Recent international incidents have demonstrated that the Internet is becoming a foremost concern for national and international governance. Citizen unrest and revolts across the world have been fueled by digital technologies, leading governments—most noticeably in Egypt—to ‘reach for the kill switch’ and ‘turn off’ the Internet in the hopes of staving off these uprisings. To a much less dramatic extent, populist uprisings fueled by social media in Canada—over a proposed change to Internet billing practices—has also thrust Internet governance to the forefront of political conversations.
While these incidents are diametrically opposed to one another in terms of scope and significance, the popular unrest in Egypt and across the Middle East and the mobilization of Canadians in response to Internet billing proposals share a common thread: Internet governance and related issues are in serious need of attention.
It is no surprise then that France, which holds the presidency of the 2011 G8 and G20 meetings, has placed Internet-related issues on the G8’s agenda for this May’s meeting in Deauville. In doing so, France wishes to “promote global reflection on Internet-related issues and its future” by “supporting developments in the sector and in creating the conditions for fair development that promotes growth of the digital economy, dissemination of information technologies and communication while ensuring citizens' protection.”
These are laudable and serious goals that will help to shape the ways in which the Internet evolves and is governed. With the global economy increasingly moving online, an international Internet initiative must be fostered to ensure that the security, prosperity, and cultural creativity of the Internet is maintained so that the technology can continue to facilitate innovation. Due to the multifaceted nature of emerging Internet challenges, such an initiative must look beyond merely economic terms of maintaining existing industries and business models and also focus on issues regarding accessibility, ownership and security.
G8 governments, including Canada which is in the process of developing a Digital Economic Strategy, will now have the opportunity to discuss these issues at the Leaders’ level. As the Government of Canada continues to develop its own strategy, which it hopes to release this spring, it is well positioned to frame this debate. Amongst others, accessibility, ownership and security are three issues that should be considered during these negotiations.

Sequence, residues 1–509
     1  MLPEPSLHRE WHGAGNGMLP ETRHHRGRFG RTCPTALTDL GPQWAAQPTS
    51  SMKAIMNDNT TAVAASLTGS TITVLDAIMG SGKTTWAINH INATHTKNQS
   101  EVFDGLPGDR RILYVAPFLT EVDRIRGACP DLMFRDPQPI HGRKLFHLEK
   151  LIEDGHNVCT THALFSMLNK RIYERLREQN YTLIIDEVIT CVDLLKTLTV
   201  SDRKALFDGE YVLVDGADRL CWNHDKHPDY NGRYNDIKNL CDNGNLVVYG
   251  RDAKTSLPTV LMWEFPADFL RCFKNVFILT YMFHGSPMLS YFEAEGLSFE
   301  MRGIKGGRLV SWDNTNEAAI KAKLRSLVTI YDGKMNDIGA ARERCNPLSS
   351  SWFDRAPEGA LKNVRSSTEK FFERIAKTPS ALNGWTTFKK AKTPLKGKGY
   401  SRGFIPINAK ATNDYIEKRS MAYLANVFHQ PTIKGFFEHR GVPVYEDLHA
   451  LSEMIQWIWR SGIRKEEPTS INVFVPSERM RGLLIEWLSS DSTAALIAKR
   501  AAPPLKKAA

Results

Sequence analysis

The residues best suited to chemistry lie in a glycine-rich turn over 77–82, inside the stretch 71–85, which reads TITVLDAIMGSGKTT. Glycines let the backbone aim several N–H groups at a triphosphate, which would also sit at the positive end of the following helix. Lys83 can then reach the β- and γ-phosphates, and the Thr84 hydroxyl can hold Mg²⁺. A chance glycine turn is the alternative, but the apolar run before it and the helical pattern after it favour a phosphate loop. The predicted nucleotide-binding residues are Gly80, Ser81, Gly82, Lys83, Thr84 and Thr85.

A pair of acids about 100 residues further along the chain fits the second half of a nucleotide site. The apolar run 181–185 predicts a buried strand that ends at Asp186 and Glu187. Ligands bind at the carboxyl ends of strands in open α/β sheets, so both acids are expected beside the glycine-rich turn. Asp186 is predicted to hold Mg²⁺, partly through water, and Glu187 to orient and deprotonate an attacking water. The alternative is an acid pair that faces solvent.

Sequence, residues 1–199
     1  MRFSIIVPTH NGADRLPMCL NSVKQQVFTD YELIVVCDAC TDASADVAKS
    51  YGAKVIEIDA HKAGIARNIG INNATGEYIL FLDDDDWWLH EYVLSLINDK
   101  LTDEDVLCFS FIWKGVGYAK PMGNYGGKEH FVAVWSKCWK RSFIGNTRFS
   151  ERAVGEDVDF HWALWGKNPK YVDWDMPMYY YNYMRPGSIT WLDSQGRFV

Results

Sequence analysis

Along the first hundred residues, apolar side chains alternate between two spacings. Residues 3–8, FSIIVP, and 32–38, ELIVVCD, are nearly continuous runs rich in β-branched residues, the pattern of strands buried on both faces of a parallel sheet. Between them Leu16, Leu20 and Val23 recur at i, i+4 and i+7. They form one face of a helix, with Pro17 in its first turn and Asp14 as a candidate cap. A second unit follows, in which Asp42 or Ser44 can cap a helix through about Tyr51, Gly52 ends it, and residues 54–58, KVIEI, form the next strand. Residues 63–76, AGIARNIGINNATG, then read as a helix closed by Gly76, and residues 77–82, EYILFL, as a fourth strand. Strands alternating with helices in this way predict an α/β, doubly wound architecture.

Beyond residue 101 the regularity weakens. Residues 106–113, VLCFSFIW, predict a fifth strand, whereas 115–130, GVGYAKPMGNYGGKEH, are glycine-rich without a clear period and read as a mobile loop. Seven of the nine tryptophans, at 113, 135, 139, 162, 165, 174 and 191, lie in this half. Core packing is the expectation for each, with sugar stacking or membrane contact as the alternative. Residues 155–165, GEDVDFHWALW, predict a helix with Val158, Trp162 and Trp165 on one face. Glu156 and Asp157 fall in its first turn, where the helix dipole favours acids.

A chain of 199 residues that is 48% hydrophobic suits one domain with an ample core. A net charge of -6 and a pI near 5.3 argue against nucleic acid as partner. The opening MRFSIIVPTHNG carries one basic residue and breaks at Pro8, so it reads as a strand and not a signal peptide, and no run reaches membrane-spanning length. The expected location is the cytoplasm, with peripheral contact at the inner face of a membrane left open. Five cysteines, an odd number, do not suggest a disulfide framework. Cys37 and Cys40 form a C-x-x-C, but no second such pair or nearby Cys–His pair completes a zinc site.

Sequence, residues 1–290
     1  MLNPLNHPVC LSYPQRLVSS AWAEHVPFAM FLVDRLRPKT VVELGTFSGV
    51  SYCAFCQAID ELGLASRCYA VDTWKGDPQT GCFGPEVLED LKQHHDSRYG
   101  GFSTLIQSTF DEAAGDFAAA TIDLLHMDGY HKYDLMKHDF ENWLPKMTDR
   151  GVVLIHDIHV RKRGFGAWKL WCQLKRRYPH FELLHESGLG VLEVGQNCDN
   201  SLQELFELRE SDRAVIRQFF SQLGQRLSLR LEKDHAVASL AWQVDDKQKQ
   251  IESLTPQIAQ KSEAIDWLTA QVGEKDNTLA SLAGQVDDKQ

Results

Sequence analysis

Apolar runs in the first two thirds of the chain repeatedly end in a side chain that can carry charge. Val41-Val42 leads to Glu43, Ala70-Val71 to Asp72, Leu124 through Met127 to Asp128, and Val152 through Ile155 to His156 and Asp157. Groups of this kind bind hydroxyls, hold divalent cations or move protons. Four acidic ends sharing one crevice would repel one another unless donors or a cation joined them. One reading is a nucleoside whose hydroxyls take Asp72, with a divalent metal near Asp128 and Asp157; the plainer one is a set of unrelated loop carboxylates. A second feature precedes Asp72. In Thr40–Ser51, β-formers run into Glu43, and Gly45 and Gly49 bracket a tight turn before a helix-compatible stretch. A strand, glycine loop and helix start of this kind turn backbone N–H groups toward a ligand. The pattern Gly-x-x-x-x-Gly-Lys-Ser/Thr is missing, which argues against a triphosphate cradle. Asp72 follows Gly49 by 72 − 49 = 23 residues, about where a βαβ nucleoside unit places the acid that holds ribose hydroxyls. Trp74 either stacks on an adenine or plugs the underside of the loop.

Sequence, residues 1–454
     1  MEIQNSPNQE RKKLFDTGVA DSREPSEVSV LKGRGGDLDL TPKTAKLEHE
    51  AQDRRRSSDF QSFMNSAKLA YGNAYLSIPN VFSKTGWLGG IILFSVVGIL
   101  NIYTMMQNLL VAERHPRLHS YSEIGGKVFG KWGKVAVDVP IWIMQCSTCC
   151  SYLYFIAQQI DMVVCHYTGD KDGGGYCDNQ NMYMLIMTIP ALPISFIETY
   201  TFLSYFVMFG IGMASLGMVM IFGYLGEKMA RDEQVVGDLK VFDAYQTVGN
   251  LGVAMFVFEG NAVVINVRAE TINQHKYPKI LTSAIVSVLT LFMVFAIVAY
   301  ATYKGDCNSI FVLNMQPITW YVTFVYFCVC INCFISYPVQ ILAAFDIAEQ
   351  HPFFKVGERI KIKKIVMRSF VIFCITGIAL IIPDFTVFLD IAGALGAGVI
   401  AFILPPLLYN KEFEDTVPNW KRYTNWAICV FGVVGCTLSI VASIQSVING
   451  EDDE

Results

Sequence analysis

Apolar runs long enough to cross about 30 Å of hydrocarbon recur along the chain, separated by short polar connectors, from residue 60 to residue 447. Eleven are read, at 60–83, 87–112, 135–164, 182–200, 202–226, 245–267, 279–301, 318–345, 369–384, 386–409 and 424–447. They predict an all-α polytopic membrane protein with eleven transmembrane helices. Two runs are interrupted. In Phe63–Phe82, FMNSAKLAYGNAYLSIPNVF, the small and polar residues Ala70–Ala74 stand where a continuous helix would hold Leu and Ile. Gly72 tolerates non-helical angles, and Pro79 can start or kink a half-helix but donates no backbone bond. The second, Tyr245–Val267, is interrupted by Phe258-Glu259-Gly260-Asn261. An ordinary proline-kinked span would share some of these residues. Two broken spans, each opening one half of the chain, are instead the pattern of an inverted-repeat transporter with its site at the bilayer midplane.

The power and potential of the Internet relates to how this networked technological infrastructure has assisted the spread of innovative ideas and increased collaboration opportunities. Access to the Internet needs to be addressed in way that will not further exacerbate the digital divide to avoid leaving millions of people on the sidelines of the ‘information superhighway’. The United States government has been aggressive in pursuing a national broadband plan and other G8 countries should also create complementary systems so that their citizens are not left behind. Government policies need to ensure that competition and regulatory apparatuses in the telecommunication foster distribution and pricing scenarios that allow for wide access to emerging Internet and digital technologies, including the mobile world.
Questions of ownership and use over the infrastructure and content transmitted online are of key concern. Canada’s recent foreign-ownership quagmire over allowing foreign-owned entrants into the telecommunication industry highlights how traditional ownership regulations are being challenged by the increasingly networked world. Ownership and use of online content is also a paramount concern with countries such as the United States remaining critical of global partners over their stances towards intellectual property protection.
Online security, be it in the case of IP protection or in terms of cyber-security in the face of digital attacks, must also be addressed. Securing the online world will be essential for ensuring that the lives and prospects of millions are not compromised. Governing the increasingly transnational world has proven challenging enough. G8 countries must begin the process of agreeing upon standards of Internet governance that balance the needs and rights of individuals against the security of businesses, states and the global economy. Debates over Internet ‘kill switches’ need to recognize the economic and social consequences of such actions and affirm access to the Internet as a valuable resource that should not be addressed lightly.
Joseph F. Turcotte is a researcher with the Centre for International Governance Innovation and a PhD Candidate at York University (Toronto, Canada) focusing on intellectual property rights, the global knowledge economy and emerging digital technologies.